Credit: ReVision Energy

YORK, Maine — There was, literally, energy to spare at the York Beach fire station Saturday afternoon, as a crowd of more than 50 residents and well-wishers from throughout the region came there to learn about how the department reduced its energy bill from $325 to less than $1.52 in a year.

And in the process, they learned that the building has become a model of efficiency and a harbinger for future town building projects.

The station built in 1917 now has a 28,000-kilowatt solar panel array on its roof, new insulation in the walls and roof, all new light-emitting diode, or LED, lights throughout the building, and a heat pump that is providing cooling and heat to the second floor.

“They say timing is everything. Well, the timing was perfect,” Fire Chief Dave Bridges said, because the energy committee approached the chief just as the department was getting ready to renovate the second floor room used as a bingo parlor. “It just all came together. Would I have done it on my own? No. But I commend the committee for approaching us. The summer people commented tremendously on the solar panels.”

York Energy Steering Committee chair Rozanna Patane said the beauty of the collaboration is that “now we can say we can retain the historic function of a 100 year old building while at the same time turning it into a high-performing energy system.”

The savings from the solar array has been “very good, but more importantly we have reduced the amount of carbon dioxide in the atmosphere. The energy saved here is equivalent to taking 50 cars off the road or planting 200 acres of forest,” she said to much applause.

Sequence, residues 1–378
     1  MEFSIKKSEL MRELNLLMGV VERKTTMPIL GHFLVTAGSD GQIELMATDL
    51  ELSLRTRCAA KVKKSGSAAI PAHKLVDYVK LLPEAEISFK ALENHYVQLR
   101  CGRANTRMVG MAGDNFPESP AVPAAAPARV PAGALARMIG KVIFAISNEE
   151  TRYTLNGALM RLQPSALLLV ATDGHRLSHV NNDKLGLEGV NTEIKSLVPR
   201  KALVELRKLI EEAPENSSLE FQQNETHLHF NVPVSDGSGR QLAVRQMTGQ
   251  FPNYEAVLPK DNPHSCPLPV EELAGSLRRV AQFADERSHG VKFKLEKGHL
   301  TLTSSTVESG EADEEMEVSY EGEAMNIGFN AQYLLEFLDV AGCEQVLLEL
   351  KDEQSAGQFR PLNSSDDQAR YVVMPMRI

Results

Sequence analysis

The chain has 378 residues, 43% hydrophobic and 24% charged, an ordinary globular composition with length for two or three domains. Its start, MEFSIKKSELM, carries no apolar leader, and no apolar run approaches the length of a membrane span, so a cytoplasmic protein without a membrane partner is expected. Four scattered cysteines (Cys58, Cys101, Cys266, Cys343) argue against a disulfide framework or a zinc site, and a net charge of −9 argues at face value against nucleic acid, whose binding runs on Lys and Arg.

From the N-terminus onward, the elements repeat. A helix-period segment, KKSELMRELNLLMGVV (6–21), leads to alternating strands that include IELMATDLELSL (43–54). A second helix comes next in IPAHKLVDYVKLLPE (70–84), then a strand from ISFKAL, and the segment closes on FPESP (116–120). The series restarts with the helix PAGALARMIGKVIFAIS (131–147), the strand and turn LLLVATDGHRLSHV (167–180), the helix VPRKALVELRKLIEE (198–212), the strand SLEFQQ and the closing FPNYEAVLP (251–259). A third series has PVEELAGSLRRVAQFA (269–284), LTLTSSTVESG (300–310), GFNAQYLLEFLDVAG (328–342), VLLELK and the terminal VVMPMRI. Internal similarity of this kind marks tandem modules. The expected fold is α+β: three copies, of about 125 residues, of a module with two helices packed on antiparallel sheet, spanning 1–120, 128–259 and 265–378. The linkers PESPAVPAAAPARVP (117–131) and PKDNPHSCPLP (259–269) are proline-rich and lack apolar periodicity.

Selectman Torbert Macdonald called himself an “old solar warrior” who was a state planner in Augusta when Jimmy Carter was president and introduced energy efficiency measures. “He was a much maligned enemy of big oil. For 35 years we’ve been listening to the lies of big oil saying what we really care about is cheap energy.” The fire station project should remind everyone that there are those “who care about the planet,” he said

Bridges said the project was such a success, “hopefully this is just the beginning and there will be other departments that will take on the challenge.”

Before people toured the station, the program concluded with three middle school students singing the Ben Harper song “With My Own Two Hands.” With Otto Reid accompanying singers Katori Palavos and Katie Brower on guitar, the youngsters’ choice of song seemed a prophetic end:

I can change the world

with my own two hands

Make it a better place

with my own two hands.

I can make peace on Earth

with my own two hands

And I can clean up the Earth

with my own two hands.

To watch the electricity being used at the York Village Fire Department in real time, visit